Increasingly, young Muslim consumers are imposing exacting, socially and environmentally responsible standards on what they choose to buy
Let’s face it, social media has the power to ruin most things, and this week it brought bad news to Muslim chocolate lovers. In one short tweet, M&M’s UK replied to a query about its products with the doleful words: “Not suitable for a halal diet.”
The Muslim internet fell into shock. Even Muslim clerics were (jokingly) up in arms. Shaykh Azhar Nasser – known on Twitter for his sense of humor – took the opportunity to point out: “Every community has that dude who unnecessarily investigates the ingredients of food we all love, discovers it’s haram and ruins our lives.”
In contrast to that tongue-in-cheek comment, though, the reality is that the halal status of products is actually a serious matter.
“Halal” is simply the word to denote something that is “permitted”, and for the world’s 1.8 billion Muslims it demarcates the line between what can and can’t be consumed, typically referring to food and drink. In more recent years, however, it has fallen into broader use, encompassing the full gamut of the marketplace, from travel to pharmaceuticals and even media.
This has become known as the “Islamic economy”, a burgeoning sector that is predicted to be worth more than $3 trillion by 2023 – and that doesn’t even include the $3.8 trillion Islamic finance industry. Halal food will, by that time, be valued at $1.86 trillion, nearly two-thirds of the overall market. Halal credentials – as M&Ms found out – can pay dividends.
The concept of halal has always been important to Muslims, but it has taken on a new significance in recent years, a trend driven primarily by young Muslims seeking food and beverages that are clearly and unequivocally aligned with their faith. They are scrutinizing foods for their halal status and are not averse to making a fuss when they don’t meet their criteria.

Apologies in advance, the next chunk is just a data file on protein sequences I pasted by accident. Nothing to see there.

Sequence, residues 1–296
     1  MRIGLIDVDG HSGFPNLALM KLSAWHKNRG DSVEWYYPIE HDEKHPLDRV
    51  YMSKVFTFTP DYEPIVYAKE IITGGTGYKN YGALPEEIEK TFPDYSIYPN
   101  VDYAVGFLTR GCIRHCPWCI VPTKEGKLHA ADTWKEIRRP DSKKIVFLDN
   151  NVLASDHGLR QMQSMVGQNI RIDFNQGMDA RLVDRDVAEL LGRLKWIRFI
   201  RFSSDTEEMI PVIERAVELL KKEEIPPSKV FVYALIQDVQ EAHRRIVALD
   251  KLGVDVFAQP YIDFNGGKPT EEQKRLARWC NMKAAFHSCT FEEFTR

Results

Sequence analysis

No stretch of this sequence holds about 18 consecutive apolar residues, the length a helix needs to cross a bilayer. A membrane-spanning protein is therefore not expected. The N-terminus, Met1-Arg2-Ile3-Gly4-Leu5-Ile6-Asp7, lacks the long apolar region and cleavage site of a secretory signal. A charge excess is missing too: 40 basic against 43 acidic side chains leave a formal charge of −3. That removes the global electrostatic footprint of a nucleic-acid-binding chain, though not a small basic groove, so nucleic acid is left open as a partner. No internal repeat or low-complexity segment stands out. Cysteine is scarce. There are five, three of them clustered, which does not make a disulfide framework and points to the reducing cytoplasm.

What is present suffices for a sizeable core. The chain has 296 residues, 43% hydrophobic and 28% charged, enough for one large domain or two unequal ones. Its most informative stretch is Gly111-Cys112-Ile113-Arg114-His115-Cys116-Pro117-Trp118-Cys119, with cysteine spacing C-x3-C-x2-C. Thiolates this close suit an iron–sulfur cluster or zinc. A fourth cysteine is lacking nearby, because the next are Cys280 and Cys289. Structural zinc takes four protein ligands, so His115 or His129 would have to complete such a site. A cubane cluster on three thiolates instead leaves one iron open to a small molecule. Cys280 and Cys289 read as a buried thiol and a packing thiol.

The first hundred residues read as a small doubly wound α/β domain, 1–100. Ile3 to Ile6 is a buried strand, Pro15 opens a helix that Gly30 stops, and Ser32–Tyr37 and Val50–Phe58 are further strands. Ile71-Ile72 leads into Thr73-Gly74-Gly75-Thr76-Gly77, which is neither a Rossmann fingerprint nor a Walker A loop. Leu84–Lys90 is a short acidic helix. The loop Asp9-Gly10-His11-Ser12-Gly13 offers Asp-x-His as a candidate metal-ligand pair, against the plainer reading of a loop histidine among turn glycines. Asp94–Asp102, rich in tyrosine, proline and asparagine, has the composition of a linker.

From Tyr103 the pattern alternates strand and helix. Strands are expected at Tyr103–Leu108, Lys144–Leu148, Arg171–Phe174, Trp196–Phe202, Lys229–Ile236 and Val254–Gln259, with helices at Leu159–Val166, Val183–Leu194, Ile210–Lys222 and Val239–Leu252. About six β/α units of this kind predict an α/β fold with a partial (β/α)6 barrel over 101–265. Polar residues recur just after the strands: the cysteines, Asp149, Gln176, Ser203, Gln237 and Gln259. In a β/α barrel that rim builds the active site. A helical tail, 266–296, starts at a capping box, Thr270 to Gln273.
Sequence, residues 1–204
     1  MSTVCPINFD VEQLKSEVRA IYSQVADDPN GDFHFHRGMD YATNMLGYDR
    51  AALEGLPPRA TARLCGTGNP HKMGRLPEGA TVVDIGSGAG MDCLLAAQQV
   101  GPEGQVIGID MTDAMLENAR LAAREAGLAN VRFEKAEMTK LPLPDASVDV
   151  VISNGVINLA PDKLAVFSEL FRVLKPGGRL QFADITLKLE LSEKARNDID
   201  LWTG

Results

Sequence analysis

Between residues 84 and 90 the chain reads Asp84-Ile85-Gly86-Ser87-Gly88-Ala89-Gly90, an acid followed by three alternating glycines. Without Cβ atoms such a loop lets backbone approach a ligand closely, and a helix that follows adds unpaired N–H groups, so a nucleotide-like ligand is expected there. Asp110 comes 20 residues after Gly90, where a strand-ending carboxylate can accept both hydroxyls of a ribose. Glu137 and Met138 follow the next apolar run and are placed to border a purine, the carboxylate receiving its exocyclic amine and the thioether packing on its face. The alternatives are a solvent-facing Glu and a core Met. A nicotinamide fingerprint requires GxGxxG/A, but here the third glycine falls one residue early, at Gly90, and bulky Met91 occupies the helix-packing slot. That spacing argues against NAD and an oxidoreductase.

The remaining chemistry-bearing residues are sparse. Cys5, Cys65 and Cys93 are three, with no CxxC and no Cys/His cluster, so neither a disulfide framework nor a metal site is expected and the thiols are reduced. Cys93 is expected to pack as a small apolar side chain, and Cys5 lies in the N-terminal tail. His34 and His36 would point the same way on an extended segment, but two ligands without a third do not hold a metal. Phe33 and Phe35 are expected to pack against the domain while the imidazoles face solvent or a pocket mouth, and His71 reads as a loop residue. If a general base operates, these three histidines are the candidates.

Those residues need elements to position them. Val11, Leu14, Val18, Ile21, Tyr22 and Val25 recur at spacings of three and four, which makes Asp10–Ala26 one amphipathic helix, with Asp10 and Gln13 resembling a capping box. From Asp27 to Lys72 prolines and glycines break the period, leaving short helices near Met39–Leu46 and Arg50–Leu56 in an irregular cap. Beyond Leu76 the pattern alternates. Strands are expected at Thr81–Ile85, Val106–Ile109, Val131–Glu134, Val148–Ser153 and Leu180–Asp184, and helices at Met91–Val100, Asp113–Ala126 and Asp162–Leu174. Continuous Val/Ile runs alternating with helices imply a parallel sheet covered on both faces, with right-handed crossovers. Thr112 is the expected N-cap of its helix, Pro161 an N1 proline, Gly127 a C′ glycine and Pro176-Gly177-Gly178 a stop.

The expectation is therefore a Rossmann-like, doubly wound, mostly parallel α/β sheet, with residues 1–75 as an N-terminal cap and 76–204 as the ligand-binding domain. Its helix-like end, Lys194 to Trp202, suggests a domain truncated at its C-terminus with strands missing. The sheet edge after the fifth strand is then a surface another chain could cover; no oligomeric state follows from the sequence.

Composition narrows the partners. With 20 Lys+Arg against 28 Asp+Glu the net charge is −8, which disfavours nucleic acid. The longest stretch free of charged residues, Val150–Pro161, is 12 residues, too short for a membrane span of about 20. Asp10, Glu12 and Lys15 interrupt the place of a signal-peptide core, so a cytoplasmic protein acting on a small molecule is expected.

The scrutiny of halal products and the maintenance of high and consistent standards is a serious business for the Muslim community
Government bodies have been taking the lead on the standardization of halal status. In the UAE, the Emirates Authority for Standardisation and Metrology is the relevant federal body. Not only has it focused on products within the nation, but it has also been working towards establishing standards that are applied more widely across other countries. Consistent certification brings clarity to the decisions of Muslim consumers.
This is particularly important in minority-Muslim countries, where, instead of an overarching government body, dozens of certification authorities scrutinise and validate processes, leaving consumers wondering who to trust. They are increasingly saying that a checklist approach to halal status doesn’t match up to their understanding of the spirit of the concept.
Pointing to the Quranic concept of “tayyab”, a growing number of young Muslims are imposing their own, exacting ethical standards on the things they buy. Literally speaking, “tayyab” just means “good”. But this idea of goodness is important and multifaceted – in the minds of these young Muslim consumers, if something isn’t tayyab, then it can’t be halal. Essentially, being tayyab means that every element of the product must meet halal standards, from how workers are treated and animals, are cared for to the environmental impacts of a product’s packaging. For some, even the advertising and marketing must be true to halal and tayyab principles.
It’s easy to see a clear parallel with broader consumer trends for organic products, not to mention concerns about plastic pollution and carbon emissions, and the fair treatment of workers. For consumers of halal products, the tayyab movement is rooted in personal moral and religious convictions.
In some areas, tayyab products have even been at the cutting edge of wider consumer trends. Take the recent change in mood towards vegan products, particularly in the beauty space. Halal products with tayyab foundations been asserting their cruelty-free credentials for quite some time.
The scrutiny of halal products and the maintenance of high and consistent standards is a serious business for the Muslim community. But this new and principled approach to consumer ethic by young Muslims is an exciting development that benefits the world at large.
Shelina Janmohamed is the author of Love in a Headscarf and Generation M: Young Muslims Changing the World.
Originally published on www.thenational.ae